Liza Connolly ’84: Spreading the food revolution, one ravioli at a time

David Letterman once did a hilarious bit where he led his viewers on a tour of a New York City farm, which consisted of a grass strip in midtown Manhattan with boxes of frozen food “growing” in neat rows.

It’s a joke that Liza Connolly ’84 would find compelling. Cofounder of Kids Cooking Green in Lexington, Massachusetts, Connolly wants her students to understand that America’s food heritage is more about the juicy, sweet apple grown down the road than the
frozen lima beans snagged from a big-box store.

Liza worked as a chef for more than a decade, helped start the farmers’ market in Lexington, and was looking for a way to bring the healthful lessons of that vibrant food setting to elementary schools. After a yearlong partnership with Spoons Across America, a national culinary arts program for children, she and her work partner, Lori Deliso, split off to focus on Boston-area schools.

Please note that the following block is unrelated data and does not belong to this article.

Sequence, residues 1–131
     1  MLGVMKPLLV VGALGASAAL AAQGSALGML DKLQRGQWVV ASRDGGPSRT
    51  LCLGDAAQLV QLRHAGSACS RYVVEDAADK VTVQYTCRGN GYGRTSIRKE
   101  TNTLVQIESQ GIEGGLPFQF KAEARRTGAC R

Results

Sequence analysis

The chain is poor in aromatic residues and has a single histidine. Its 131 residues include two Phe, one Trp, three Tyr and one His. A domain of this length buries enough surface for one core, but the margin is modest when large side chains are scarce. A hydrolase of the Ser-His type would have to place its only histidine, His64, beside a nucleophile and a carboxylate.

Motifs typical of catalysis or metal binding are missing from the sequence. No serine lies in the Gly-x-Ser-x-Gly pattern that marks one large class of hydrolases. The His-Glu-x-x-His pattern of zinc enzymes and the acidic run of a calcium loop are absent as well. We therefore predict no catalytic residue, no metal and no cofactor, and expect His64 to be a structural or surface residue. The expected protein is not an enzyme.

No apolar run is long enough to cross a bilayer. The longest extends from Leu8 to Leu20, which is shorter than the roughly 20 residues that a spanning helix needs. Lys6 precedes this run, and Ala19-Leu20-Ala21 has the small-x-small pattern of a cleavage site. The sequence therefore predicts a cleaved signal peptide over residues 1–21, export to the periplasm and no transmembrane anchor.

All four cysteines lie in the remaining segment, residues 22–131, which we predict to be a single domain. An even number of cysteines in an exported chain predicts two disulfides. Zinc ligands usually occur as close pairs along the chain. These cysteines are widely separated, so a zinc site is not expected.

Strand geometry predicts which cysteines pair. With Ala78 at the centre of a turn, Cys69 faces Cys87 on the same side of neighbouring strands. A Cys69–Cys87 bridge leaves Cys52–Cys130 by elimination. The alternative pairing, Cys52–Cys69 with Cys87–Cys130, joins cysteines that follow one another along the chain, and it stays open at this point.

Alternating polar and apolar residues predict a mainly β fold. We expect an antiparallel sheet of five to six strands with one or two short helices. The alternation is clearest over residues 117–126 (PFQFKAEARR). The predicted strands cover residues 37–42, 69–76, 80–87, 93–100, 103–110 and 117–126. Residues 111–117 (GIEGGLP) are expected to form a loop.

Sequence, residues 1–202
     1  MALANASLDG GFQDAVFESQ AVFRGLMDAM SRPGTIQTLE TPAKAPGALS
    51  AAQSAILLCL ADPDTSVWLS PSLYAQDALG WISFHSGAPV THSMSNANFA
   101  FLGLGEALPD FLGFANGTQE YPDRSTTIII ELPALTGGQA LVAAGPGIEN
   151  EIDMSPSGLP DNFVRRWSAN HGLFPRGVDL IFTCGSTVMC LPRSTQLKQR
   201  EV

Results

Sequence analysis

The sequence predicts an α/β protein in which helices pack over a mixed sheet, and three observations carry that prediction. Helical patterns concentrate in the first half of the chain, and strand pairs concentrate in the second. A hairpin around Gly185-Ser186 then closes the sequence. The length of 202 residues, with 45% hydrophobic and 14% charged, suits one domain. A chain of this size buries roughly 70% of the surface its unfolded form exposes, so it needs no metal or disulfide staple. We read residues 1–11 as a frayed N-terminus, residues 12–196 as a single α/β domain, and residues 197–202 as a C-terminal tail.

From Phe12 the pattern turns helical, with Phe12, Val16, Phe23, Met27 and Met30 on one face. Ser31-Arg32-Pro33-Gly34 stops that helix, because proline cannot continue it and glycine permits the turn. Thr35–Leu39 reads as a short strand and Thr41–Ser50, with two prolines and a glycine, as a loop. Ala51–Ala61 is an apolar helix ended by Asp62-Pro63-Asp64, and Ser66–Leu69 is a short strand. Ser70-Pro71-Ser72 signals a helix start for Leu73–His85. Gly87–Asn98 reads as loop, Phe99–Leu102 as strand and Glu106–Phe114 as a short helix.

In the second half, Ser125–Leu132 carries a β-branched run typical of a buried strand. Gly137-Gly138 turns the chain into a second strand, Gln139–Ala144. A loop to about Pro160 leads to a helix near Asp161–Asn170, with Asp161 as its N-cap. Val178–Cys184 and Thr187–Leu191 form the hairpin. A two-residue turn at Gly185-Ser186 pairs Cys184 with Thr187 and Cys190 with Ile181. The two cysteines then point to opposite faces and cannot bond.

Now in their fifth year, Kids Cooking Green charges $175 for fifteen hours of class and a dinner for a family of five. The five-week programs are offered twice a year in five suburban schools and through three recreation programs. Their focus is on healthy foods, local agriculture, and eating seasonally.

“In the first class,” she explains, “we’re cutting up local apples and cheese for a snack. Then we make fresh pasta.” Their handmade raviolis are sent home and shared with their family. And because the kids have bought into the process, they push for the same kinds of foods at home.

She and Deliso hope to expand the program to at-risk children in Boston. “The only things I have ever learned in my life I have done with my hands. Now,” Liza adds, “we’re teaching kids to listen to their bodies.”

—By Mieke Bomann 

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